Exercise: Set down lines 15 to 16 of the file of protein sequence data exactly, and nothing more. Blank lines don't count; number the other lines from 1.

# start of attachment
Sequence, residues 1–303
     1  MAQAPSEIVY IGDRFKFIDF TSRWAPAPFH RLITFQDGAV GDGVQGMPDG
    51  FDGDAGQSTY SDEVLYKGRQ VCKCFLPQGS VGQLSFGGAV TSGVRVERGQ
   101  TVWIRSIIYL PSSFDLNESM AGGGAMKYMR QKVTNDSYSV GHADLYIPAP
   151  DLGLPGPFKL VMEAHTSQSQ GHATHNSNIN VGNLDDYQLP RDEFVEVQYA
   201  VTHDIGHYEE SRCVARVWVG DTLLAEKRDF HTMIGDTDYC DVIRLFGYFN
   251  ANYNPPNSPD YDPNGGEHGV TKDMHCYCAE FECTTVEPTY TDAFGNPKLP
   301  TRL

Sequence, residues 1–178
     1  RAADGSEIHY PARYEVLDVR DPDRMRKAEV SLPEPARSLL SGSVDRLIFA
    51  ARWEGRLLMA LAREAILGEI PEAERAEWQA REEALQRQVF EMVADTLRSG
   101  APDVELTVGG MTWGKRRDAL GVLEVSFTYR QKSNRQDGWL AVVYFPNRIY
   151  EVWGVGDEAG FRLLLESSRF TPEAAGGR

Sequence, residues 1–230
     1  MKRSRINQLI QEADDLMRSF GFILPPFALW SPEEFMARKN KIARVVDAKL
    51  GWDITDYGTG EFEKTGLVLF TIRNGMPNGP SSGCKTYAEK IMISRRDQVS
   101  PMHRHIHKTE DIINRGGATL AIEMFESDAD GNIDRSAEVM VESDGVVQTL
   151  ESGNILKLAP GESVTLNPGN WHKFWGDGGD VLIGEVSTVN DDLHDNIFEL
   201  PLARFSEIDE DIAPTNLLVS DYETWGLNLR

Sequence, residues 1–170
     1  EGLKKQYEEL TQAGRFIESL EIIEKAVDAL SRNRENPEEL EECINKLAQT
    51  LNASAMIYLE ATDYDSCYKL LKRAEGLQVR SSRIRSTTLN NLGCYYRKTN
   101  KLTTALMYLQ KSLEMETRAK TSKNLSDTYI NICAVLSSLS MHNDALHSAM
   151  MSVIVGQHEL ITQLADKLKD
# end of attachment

     1  MKRSRINQLI QEADDLMRSF GFILPPFALW SPEEFMARKN KIARVVDAKL
    51  GWDITDYGTG EFEKTGLVLF TIRNGMPNGP SSGCKTYAEK IMISRRDQVS